I saw something unusual this evening. It was a sign with the words “Clinton” and “Kaine”. Someone had put it up in their yard, apparently to show support for their presidential candidate of choice.
In past elections, I saw yard signs all over the place, but I have hardly noticed them this year. If one had a complete aversion to conversation, the internet, and all matter of news sources, but instead based all their perceptions of the world by simply walking around and looking at things they would have difficulty telling that a contentious election was occurring.
I had always liked the signs in the past, and it wasn’t until I saw this one lonely Hillary sign that I realized I sort of missed them. The signs always added a sort of festive, something or other to the whole election run up. But where were they?
Are there really fewer signs?
This is my first presidential election in Chicago, and maybe there is just no point putting up yard signs in such an overwhelmingly democratic city. In addition, the population of my neighborhood is fairly young, and many of the buildings are apartments, both of which likely decrease the amount of yard signs.
I am not the only person who has noticed a lack of yard signs this year.
There are a fair number of articles from various local news sources (Boston, Spokane, Tampa Bay, Madison) about the dearth of campaign yard signs. Of course, this doesn’t prove anything. Yard sign intensity likely varies from year to year, so in any given election the amount of yard signs will almost certainly be down somewhere. I could not find, after nearly three minutes of hard looking, any articles noting an unusual excess of yard signs.
This is an unusually contentious election. Which might cause people to try to keep their political views under the radar. Several of the articles linked above cite people worried about having their property vandalized or undergoing some other misfortune at the hands of the rival candidate’s supporters.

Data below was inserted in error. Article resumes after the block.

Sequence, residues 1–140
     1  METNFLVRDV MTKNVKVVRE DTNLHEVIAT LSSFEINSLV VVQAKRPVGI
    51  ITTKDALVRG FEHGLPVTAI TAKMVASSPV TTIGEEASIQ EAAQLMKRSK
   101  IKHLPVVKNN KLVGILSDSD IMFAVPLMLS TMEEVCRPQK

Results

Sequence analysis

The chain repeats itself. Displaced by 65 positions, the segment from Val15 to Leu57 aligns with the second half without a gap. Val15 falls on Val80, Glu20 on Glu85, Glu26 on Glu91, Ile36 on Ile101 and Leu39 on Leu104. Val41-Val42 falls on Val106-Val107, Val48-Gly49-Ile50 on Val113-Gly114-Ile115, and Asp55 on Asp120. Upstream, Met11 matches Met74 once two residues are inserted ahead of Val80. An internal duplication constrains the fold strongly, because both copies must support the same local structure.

While this likely has had some impact, in theory a contentious election could also cause an impact in the opposite direction. If supporters are particularly passionate about their candidate, they might be more likely to festoon their yards with signs, not less.
Voters aren’t that excited about the candidates. The two candidates in this presidential race are the least liked ever. If it is love of a candidate, not hatred of the opponent, that inspires people to put up yard signs, this might explain their relative paucity.
Do they work?
The absence of yard signs may have very little to do with the candidates, the venom, or anything else specific to this election. It may have more to do with the fact that, in terms of generating votes, yard signs hardly do anything.
It is difficult to estimate the impact yard signs have, due to the endogeneity issues that are common when looking at election races. The correlation vs. causation issue of, do popular candidates have lots of yard signs, or do lots of yard signs make a candidate popular, or both. There are similar issues when looking at topics like campaign funding. To counteract this, the best approach would be to randomly assign the use of yard signs. This way, the impact of the signs could be determined independently of the factors that determine their placement.
This is exactly what Columbia University political scientist Donald Green did. He convinced four campaigns (a congressional race, a mayoral race, a county commissioner, and a campaign attacking Virginia governor Terry Mcauliffe) to randomly assign yard signs to some voter precincts and not others.
The effects were small, with an overall impact of about 1.5 percentage points. This is far from overwhelming, but it could be enough to sway a close election. It is worth noting that this comparison is between having signs and nothing, whereas the actual choice a campaign manager would have to make would be between campaign signs and some other electioneering method. A 1.5 percentage point impact places yard signs in the same range as other traditional campaigning methods such as direct mail.
Signs are likely less effective for presidential candidates. The conventional wisdom says that signs are most effective at raising name recognition. Name recognition is not something that Mr Trump nor Mrs Clinton is likely to struggle with.
There is a potential issue with effectiveness as an explanation for the decline in yard signs. Presumably, yard signs haven’t gotten significantly less effective since the 2012 election. Something else must have changed in the meantime. Campaign managers may have soured to them (possibly because of studies like the one cited above) or online advertising has become a more attractive choice in the last four years.
Signs of things to come
Yard signs may go the way of campaign buttons, but I rather hope they don’t. Political news and expression has become increasingly confined to the relative echo chambers of Facebook and other online circles. It would not be so bad to bring some of it back into public space, even just in the form of colorful signs. Like Halloween decorations, they might not change anyone’s mind, but they do give me something to look at when out on a stroll, which I appreciate.
 we could be so lucky..